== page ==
Toronto police investigate 'hateful messages' spray-painted on west-end mosque Social Sharing

Toronto police are looking into a suspected hate-motivated incident after graffiti was spray painted outside a mosque in the city's west end. Police say they received a call about a reported hate crime at an Islamic Centre in the area of Oak Street and Weston Road at around 5:30 a.m. Thursday. The words "Allah is a lie" and "Death to dictator" could be seen outside the Towfiq Islamic Centre Friday. In a news release Friday, police said two suspects spray painted graffiti that contained "hateful messages" on the property at approximately 12:26 a.m. earlier that day. The suspects were last seen wearing dark clothing and fleeing the area on foot heading east on Oak Street. The National Council of Canadian Muslims called the incident "disgusting and disturbing," saying it was was an example of "Islamophobic vandalism." read the complete article

MANDEL: Muslim brothers insist beating of Palestinian-Arab man not motivated by hate

Spewing hate as they mercilessly kicked and beat Mohammed Abu Marzouk to a pulp in front of his hysterical wife and daughters, the two brothers Corhmazic screamed, “F—— Arabs!, f—— terrorists.” The sad irony is that Janis and Adem Corhmazic are Muslim themselves with a Bosnian background and insist they’re not racist at all. Superior Court Justice Fletcher Dawson found the attack was “anti-Arab, but not anti-Muslim” when he convicted them in January of aggravated assault but acquitted them of attempted murder. He also found them guilty of assaulting Fuat Yucel as he tried to intervene. An Arab-Palestinian Muslim born in Saudi Arabia, Abu Marzouk suffered more than 10 skull fractures and needed 62 stitches from the July 15, 2018 attack in the parking lot of the Mississauga Valley Community Centre. His family had just enjoyed a picnic in the park and he was backing their van out of a parking spot when the Corhmazic brothers claimed he came too close to them and a child. His wife Diana Attar described the terror of thinking her husband was going to die that day at the hands of men who screamed “F—— Arab people what are you doing here? Go back to your country!” “These perpetrators were not even connecting on a human level. They were merciless,” she wrote. “Despite me pleading with them, they pulled off my hijab and also kicked me in the shoulder as I was trying to protect my husband. From the look on their faces, it seemed as if they were proud of what they were doing. They showed no sign of concern, guilt, or remorse.” read the complete article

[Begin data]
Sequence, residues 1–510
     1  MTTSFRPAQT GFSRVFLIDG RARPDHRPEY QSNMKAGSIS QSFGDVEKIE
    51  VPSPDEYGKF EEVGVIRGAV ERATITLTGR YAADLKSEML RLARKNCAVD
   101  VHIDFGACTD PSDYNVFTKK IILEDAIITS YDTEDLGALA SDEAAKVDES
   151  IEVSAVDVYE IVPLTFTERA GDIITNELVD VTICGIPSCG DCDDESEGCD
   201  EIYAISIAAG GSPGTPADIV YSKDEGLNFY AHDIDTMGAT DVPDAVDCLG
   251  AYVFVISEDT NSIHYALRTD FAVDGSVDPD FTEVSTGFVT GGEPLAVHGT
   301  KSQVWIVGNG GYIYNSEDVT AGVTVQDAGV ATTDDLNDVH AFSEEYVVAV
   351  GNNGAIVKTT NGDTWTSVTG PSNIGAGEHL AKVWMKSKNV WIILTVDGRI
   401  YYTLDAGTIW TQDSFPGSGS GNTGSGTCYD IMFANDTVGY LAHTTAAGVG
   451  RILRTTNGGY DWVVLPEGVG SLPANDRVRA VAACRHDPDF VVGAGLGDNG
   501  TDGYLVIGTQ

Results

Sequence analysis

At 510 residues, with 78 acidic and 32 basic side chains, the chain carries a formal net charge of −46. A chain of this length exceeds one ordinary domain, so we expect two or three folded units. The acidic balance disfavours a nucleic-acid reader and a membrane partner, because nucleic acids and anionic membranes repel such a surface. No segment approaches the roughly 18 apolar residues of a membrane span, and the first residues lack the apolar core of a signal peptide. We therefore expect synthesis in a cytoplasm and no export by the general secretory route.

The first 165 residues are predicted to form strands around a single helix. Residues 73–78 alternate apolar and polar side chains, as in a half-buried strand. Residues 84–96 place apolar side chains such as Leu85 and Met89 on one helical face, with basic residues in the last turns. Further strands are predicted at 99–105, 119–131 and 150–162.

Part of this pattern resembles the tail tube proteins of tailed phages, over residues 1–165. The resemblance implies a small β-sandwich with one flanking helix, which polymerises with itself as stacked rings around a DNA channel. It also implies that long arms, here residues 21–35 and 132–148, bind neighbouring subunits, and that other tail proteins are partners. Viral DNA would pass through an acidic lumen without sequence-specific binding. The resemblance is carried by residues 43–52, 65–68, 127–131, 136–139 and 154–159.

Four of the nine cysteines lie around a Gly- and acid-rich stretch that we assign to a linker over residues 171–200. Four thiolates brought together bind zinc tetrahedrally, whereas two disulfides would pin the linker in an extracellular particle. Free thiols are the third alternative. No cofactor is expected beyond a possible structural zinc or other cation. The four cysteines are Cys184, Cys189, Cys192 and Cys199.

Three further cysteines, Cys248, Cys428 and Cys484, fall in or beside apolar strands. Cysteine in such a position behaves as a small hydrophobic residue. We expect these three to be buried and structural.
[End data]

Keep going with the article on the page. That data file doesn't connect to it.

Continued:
Canada should offer refuge to Rohingya genocide survivors

In 2017, an estimated 770,000 Rohingya were driven from their homeland, escaping from the Myanmar military campaign of mass killing, rape and systematic arson. People fled across the border to Bangladesh and now inhabit the world’s largest refugee camp, enduring militancy, poverty, and intolerable and dangerous conditions. While these refugees have been allowed to remain, their Bangladeshi hosts increasingly view them as “a big burden.” Yet Rohingya genocide survivors have little chance of returning to Myanmar, where the military that slaughtered their people consolidated its power with a coup in February 2021. Almost six years after their exodus from their homeland, Rohingya refugees exist in a “suspended state” between global indifference and local hostility. In such dire circumstances, Canada should do more to assist one million Rohingya genocide survivors trapped in a cruel limbo. Following Russia’s invasion of Ukraine in February 2022, Canada opened the door for more than 132,000 Ukrainian nationals without hesitation, creating new pathways for those fleeing an uncertain future. While this humanitarian act is laudable, it’s difficult to not worry about those genocide survivors in Bangladesh who are still suffering. Canada needs to embrace a similar open-door policy for them. read the complete article

United States

Meet US senator Aisha Wahab who faces Islamophobic slurs for introducing anti-caste bill

Aisha Wahab, the California state lawmaker said she received threats and Islamophobic slurs after introducing a bill on March 22 in the California State Senate against caste discrimination. Democratic Party member Aisha claimed that her office received dozens of calls, hundreds of emails, and some people even came to her office to intimidate the staff. Mostly, the people who have been running a hate campaign against Aisha Wahab are the upper caste sections of the South Asian community and especially the Hindu right organizations in the US. “My last name is Wahab, so they love to tie it to Wahhabism, or call me a jihadist or a Talibani. Basically, every racial slur and dog whistle,” she said in an interview with the Time magazine on Wednesday, 29 March, a week after she introduced the legislation against caste discrimination. The bill will become California the first state in the US to officially forbid caste discrimination if it is approved by the California Senate. Seattle was the first city in the US to accomplish this in February. read the complete article